Reduction of oxygen after cardiac arrest: The EXACT trial

Funding: 2015 NHMRC Project grant application – successfully funded

Contact Investigator: Professor Steve Bernard

We aim to conduct a Phase 3 multi-centre, randomised, controlled trial to determine whether reducing oxygen administration to target a normal level as soon as possible following successful resuscitation from out-of-hospital cardiac arrest, compared to current practice of maintaining 100% oxygen, improves patient survival at hospital discharge.


Developing a community-based CPR education program

Funding: National Heart Foundation; $75,000

Contact Investigator: Dr Janet Bray

Dr Janet Bray, Dr Lahn Straney, Associate Professor Karen Smith and Professor Judith Finn have been awarded a $75,000 Heart Foundation Vanguard Grant to develop community-based cardiopulmonary resuscitation (CPR) education programs. Their application to the Heart Foundation also won them the Ross Hohnen Award for Research Excellence for the most outstanding and innovative Vanguard Grant application, providing an extra $10,000 on top of the grant. The grant will be used to understand why bystander CPR rates are low in specific regions of Victoria, Such information will be used to inform the design and development of an intervention which the researchers hope to conduct and evaluate with future funding.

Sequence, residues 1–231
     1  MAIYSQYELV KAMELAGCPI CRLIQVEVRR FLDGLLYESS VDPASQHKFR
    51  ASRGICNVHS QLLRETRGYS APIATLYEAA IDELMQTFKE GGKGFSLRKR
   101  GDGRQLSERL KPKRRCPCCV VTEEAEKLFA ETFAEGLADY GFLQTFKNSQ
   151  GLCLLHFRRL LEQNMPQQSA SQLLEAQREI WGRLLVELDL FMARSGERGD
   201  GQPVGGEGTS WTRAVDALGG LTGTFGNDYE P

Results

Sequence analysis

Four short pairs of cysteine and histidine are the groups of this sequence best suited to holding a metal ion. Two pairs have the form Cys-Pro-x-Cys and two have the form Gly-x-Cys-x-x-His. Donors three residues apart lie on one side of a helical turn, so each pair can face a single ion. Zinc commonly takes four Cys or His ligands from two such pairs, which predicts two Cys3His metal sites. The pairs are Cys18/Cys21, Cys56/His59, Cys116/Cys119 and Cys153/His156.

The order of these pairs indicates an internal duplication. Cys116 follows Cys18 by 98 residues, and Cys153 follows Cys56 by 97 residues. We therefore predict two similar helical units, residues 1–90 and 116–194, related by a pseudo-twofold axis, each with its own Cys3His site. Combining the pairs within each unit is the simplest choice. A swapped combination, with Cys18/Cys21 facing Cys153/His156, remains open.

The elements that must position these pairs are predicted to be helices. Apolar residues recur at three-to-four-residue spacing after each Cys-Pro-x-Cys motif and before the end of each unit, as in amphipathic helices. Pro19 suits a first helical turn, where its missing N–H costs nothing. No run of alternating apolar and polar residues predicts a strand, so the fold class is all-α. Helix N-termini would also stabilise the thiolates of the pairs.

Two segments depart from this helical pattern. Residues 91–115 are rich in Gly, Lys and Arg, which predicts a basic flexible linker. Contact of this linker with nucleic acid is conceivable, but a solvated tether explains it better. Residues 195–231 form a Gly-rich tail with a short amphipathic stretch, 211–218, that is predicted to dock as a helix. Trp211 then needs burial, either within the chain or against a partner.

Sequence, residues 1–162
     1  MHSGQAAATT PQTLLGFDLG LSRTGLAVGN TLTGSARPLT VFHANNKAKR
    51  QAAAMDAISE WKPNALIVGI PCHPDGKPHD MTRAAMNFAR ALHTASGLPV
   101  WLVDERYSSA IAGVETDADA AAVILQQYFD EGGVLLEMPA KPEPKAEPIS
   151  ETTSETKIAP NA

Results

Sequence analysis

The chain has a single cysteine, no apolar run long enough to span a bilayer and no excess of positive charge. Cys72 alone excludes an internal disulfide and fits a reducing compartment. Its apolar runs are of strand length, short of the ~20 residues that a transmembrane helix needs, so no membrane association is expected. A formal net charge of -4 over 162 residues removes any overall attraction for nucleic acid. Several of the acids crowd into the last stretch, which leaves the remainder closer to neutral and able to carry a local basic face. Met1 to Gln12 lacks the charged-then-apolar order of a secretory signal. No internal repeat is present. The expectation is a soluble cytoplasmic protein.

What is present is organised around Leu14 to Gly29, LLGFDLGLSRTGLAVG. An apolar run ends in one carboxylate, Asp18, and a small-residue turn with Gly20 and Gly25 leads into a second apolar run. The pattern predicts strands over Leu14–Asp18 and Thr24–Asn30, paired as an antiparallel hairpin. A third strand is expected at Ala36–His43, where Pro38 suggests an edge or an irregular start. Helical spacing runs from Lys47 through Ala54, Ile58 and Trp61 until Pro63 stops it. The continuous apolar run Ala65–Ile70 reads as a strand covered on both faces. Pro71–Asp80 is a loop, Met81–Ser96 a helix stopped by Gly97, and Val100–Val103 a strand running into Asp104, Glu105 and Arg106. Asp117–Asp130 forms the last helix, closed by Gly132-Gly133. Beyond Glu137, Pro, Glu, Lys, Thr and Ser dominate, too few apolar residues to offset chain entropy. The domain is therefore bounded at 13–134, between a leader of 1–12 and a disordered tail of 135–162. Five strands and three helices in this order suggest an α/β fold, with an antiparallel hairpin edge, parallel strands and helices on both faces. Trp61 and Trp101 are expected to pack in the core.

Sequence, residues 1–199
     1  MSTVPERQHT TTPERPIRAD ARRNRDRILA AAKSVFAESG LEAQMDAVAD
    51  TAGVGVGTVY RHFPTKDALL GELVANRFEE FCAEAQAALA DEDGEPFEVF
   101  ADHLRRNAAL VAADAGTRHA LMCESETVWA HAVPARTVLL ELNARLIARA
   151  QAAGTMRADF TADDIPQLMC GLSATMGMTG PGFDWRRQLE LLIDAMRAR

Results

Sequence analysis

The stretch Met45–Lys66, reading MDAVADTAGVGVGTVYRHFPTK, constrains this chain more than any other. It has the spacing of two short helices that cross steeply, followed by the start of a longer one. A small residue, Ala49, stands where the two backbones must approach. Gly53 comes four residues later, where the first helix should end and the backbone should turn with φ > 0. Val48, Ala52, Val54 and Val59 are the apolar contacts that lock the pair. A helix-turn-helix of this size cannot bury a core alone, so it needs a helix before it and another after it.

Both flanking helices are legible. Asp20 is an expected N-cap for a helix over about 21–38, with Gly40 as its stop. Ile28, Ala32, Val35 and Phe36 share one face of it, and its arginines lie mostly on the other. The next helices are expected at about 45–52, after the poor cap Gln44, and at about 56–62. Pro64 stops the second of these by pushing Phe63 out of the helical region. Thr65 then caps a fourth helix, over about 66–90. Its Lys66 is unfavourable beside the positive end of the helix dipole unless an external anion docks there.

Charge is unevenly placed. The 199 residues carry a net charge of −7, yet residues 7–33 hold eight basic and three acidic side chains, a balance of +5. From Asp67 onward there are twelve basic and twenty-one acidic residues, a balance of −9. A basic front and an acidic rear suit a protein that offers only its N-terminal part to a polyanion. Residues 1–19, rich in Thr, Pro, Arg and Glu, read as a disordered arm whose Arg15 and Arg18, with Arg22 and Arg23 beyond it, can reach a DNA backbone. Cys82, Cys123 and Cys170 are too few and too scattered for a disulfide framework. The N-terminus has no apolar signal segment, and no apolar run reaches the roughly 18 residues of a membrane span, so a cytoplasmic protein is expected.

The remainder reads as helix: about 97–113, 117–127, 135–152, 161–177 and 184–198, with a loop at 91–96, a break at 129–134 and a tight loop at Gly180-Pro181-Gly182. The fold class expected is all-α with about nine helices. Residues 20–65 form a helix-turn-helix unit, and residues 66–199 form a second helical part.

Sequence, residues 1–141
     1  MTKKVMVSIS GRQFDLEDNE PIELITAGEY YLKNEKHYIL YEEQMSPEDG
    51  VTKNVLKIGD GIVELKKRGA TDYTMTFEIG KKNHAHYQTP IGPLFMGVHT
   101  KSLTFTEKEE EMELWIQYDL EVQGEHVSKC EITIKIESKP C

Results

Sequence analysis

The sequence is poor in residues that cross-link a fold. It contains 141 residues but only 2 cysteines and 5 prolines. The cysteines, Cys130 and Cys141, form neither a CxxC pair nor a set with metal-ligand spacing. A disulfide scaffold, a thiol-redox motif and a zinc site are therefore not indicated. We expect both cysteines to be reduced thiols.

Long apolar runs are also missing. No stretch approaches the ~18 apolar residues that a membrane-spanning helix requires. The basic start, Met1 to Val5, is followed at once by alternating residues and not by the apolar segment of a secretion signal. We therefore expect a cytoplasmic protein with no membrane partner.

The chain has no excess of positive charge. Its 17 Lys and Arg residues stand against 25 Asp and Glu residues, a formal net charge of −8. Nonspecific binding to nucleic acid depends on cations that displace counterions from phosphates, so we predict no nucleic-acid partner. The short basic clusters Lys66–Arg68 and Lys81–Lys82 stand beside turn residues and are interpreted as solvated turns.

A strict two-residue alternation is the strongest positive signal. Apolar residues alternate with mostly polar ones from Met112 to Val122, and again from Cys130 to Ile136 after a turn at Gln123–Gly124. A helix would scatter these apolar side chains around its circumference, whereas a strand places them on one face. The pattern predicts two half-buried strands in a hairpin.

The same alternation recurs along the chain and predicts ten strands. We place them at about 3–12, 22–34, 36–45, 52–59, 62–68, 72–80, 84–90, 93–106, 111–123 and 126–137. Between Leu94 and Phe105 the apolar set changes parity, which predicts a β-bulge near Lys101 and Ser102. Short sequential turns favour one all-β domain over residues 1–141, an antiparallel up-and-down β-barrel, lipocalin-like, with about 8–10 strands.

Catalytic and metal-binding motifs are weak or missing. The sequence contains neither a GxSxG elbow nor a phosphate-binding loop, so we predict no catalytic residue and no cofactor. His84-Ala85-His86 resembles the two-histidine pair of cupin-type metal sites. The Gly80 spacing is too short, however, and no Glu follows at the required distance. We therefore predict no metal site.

Post-resuscitation care in Victoria: understanding current practice to improve outcomes for OHCA patients.

Funding: Nurses Board of Victoria Legacy Limited ($50,000)

Dr Janet Bray, Dr Lahn Straney, Associate Professor Karen Smith, Professor Stephen Bernard, Dr Dion Stub  and Professor Judith Finn have been awarded $50,000 to conduct an audit of post-arrest care across Victorian Hospitals. Dr Bray also awarded $10,000 from the Ian Jacob’s Fellowship (Australian Resuscitation Council) to extend the audit to smaller regional hospitals.


 The RINSE Study

Funding: NHMRC Project Grant 2011-2015; $677,888

Contact Investigator: Professor Steve Bernard

The Rapid Infusion of Cold Normal Saline (RINSE) study is a randomised controlled trial, to determine whether paramedic initiated cooling during CPR (using a rapid intravenous infusion of ice-cold normal saline) improves patient survival outcomes compared with usual practice in patients who are being resuscitated from out-of-hospital cardiac arrest.